Eco journal tutorial

Recently I taught a class to make a journal using eco-dyed and printed papers, using a hybrid sewing (French link & Coptic) and wood veneer covers.

This is a really brief tutorial on how we did it!

We actually started by binding the pages as it was only a one day workshop, but I would recommend sewing after you dye your pages.

For more information on dyeing, check out this blog post or you could do a you tube search for boiled books, that’s how I got started!

After you have dyed your pages and they have completely dried, you need the following in order to make this binding, two pieces of tape, ribbon or bias binding, some linen thread, a book binding or crewel needle, an awl, scissors, pencil, ruler, and a scrap piece of paper the same height as your pages.

1. Make a template to use when punching your pages. To make mine I measured .5″ in from each end, then .5″ from that mark (so 1″ from the end). Next I laid my tape by those second marks, and made a third mark leaving a bit of space so I don’t catch the tape when sewing. Finally I divided the remaining space so there would be 3 more sewing stations.

2. Next fold all your pages in half, then punch each one, using the template, with the awl.

3. To begin the sewing, thread the needle with the linen thread. I like to use shorter lengths and add more thread, so I always start with an “arm’s length”. Enter the first signature at the head or the tail of the book.

4. Then from the inside come out at the second sewing station

5. On the outside sew across the tape and go down the 3rd sewing station

6. On the inside skip the next three sewing stations and come up through station 7.

7. Come out through station 7, see across the second tape and back inside the book at station 8. Then come back out to the outside through the final sewing station

8. Lay the next signature on top of this sewn signature, and take the needle down into the page through the corresponding station on the second signature

9. On the inside come out through the next sewing station next to the tape. Take the needle down through the stitch over the tape to make an x

10. Go down through the sewing station the other side of the tape. Then come up from the inside at the next station. Take the needle down through the corresponding station on the FIRST signature.

11. On the inside of this signature is a long stitch, take the needle around this stitch to anchor the sewing, and exit through the same sewing station you entered.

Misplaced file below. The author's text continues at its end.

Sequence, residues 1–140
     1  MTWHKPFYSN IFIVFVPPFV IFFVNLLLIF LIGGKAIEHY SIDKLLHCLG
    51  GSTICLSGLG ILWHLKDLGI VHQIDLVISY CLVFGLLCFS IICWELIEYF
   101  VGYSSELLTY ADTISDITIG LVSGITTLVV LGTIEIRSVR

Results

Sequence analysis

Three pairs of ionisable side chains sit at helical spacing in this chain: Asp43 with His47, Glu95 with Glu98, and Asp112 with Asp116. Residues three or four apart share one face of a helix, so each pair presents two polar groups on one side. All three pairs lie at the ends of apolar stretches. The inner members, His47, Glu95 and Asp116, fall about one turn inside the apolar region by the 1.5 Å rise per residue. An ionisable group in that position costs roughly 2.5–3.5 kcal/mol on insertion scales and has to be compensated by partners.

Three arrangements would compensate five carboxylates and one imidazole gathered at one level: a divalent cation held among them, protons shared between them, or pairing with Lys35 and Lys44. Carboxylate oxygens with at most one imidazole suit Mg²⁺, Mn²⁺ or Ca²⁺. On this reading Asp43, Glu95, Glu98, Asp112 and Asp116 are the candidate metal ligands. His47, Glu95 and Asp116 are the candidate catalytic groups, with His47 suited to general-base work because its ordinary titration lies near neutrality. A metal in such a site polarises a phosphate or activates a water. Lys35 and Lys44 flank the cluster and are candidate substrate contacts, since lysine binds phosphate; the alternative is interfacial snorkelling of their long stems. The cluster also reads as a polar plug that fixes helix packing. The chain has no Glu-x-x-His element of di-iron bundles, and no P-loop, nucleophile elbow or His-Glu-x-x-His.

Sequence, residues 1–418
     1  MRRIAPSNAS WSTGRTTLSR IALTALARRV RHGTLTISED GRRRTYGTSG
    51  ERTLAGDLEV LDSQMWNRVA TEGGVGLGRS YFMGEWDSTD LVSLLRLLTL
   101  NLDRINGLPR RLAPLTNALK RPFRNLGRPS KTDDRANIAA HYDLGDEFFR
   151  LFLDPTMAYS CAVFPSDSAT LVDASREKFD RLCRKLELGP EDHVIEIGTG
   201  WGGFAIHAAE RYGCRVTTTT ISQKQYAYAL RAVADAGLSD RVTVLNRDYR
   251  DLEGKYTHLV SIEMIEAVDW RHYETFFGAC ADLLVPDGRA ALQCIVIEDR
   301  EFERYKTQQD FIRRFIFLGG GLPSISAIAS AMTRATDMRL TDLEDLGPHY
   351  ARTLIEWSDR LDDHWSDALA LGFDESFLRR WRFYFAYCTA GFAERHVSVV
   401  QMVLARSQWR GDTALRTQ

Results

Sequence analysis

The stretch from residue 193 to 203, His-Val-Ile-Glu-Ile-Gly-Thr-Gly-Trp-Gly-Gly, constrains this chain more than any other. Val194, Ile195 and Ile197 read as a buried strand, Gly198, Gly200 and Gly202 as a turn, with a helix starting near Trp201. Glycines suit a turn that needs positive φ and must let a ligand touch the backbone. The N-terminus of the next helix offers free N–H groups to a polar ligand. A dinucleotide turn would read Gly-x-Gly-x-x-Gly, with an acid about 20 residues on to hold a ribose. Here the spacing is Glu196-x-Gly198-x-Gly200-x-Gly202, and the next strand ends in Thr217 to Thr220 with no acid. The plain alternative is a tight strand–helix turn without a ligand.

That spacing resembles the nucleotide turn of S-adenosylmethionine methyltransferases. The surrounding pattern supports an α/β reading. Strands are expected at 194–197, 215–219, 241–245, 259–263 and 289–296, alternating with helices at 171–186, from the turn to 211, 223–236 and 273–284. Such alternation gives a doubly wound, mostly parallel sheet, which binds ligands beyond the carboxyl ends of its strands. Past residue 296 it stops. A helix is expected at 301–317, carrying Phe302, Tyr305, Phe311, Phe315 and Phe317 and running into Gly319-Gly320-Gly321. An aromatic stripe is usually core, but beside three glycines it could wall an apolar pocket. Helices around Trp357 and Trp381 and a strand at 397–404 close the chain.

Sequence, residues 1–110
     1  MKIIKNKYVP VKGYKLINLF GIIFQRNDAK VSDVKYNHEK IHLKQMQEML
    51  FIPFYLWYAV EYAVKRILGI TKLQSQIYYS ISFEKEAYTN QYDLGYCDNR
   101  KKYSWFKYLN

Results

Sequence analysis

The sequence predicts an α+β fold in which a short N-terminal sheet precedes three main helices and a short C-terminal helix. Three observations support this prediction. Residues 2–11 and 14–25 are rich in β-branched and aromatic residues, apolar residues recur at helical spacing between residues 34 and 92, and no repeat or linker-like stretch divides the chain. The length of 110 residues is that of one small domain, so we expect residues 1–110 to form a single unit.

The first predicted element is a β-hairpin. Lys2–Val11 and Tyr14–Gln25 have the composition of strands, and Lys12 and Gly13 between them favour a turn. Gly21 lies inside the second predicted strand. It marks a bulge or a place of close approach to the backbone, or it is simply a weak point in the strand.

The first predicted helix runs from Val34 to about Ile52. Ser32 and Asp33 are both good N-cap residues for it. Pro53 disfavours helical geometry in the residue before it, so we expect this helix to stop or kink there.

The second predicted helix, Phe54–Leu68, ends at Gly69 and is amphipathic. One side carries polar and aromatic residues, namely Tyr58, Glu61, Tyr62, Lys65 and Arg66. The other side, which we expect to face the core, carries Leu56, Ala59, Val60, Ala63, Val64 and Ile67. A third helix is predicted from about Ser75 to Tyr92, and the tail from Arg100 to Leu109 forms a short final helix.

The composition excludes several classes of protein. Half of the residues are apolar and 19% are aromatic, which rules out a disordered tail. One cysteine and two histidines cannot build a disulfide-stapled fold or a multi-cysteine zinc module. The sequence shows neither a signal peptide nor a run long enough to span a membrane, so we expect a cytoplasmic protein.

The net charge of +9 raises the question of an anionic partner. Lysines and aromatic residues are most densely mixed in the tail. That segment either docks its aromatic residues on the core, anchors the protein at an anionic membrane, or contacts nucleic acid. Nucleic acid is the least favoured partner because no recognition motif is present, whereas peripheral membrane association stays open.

12. Take the needle up to signature 2, go into the signature through the same sewing station you exited. Travel to the next sewing station and repeat. Do this for all 3 center stations between the tapes.

13. Sew out the next station, next to the tape, take the needle down though the stitch over the tape to make an x then sew back in next to the tape. Finally sew back out through the final station. Tie the tail of the initial sewing to the thread on the needle using a square knot

14. Lay the next signature on top of the sewn ones, take the needle into the corresponding first station on the 3rd signature. Come out at the sewing station next to the tape. This time sew down through the longest side of the x over the tape. Sewn down into the page on the third station next to the tape.

15. Come out at the next sewing station, take the needle behind the pair of stitches between signatures 1 & 2. The sew back in the same station you exited. Repeat with the three central stitches.

16. Sew out through the station next to the tape, sew through the longest leg of the x over the tape. Sew down through the page on the other side of the tape.

17. Come out through the last station, lay the 4th signature on top of the sewn ones. Make a kettle stitch and sew into the corresponding station on signature 4.

Continue sewing until all your signatures are attached.

To finish the book you will also need, 2 pieces of book board the same size as your pages ( mine are 6×6″), two pieces of decorative paper slightly larger than these boards, some scrap paper the same depth as your tape, pva glue, and two pieces of wood veneer the same size as your boards.

1. Cover both boards with decorative paper. Make sure you mark the direction of the board’s grain!

2. Press the books under weights until the glue is completely dry. Attach the book block to the board’s using the tapes

3. Next you need to fill around the tapes using scrap paper. Sand this paper to get it level and smooth. This makes a nice flat surface to attach your veneer to.

4. Attach the veneer to the board. Make sure that the direction of the grain in the veneer and the board’s match or you covers will curl! You could use a double sided adhesive like gudy for this step, or a spray contact adhesive, or pva works fine.